The participation of young researches from 84 countries made us realise that the world is very small and that researchers from our generation across the globe have the same dreams and aspirations. I encourage young researches to apply for the next Lindau Meetings to benefit from the experience and enjoy the interaction with the Nobel Laureates as much as we did.”
“No words can do perfect justice in describing the week at the 68th Lindau Nobel Laureate Meeting. It was an extraordinary and unforgettable week, and it was truly inspiring in all aspects. The meeting provided the perfect platform to share the experience and knowledge of the greatest leaders in science with the next generation of scientists to encourage us to work hard for the benefit of mankind. A common thread existed among each of the laureates’ stories and their path to success: curiosity, tenacity, persistence, creativity and enthusiasm. The opportunity to meet these great minds allowed me to better appreciate them not just as Nobel Prize winners but as individuals who have overcome many of the same obstacles we all face in our pursuit of science every day. All their stories have resonated with me and will continue to inspire me to never give up and to never lose sight of why I chose to pursue science. The broad diversity of topics discussed in the newly introduced Agora Talks at this meeting was impressive, ranging from the laureates’ journey to the Nobel Prize to personalised medicine to careers in science. It was inspiring to witness the motivation and passion these laureates still showed after decades of pursuing scientific research.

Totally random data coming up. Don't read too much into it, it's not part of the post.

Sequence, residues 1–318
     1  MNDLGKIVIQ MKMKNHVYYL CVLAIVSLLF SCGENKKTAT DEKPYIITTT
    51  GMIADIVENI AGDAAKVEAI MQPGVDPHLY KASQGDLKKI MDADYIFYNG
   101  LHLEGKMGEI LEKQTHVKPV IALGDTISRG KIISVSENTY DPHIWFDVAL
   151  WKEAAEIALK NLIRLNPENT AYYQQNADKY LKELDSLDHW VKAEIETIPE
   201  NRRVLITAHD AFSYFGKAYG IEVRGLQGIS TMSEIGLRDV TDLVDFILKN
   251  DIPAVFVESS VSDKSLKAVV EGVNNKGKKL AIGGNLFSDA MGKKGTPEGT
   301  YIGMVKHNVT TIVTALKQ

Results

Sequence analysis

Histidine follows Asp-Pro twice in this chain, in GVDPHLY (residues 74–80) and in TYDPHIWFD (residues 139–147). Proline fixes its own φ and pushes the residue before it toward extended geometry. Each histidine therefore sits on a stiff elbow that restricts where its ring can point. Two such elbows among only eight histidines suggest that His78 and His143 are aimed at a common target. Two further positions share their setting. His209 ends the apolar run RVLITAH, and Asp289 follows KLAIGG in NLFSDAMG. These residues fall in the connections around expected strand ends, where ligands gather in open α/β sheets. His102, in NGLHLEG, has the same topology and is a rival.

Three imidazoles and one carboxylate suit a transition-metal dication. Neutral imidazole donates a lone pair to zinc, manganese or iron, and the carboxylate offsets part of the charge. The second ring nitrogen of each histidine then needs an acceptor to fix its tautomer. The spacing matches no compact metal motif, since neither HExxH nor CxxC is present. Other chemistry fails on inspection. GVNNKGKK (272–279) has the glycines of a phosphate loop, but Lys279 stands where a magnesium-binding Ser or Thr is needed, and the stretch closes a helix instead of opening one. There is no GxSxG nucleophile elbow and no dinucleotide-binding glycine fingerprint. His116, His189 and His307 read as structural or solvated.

The great networking effort and willingness to discuss science by all young scientists was seen every day throughout the meeting. I have gained tremendous knowledge, made new friends as well as potential colleagues at this meeting – a whole new world has opened up to me. Peter Agre said: “Science is an amazing trip; you will never know where it is going to take you”. Science is what brought me to this meeting and enriched me with this once-in-a-lifetime experience. Every young scientist, especially aspiring young women scientists, should find an opportunity to be a part of the Lindau Nobel Laureate Meetings – it will change your perspective of science and its pursuit. A week on the beautiful island of Lindau on Lake Constance, this meeting will truly educate, inspire and connect you with the brightest young and experienced minds in science beyond any boundaries.”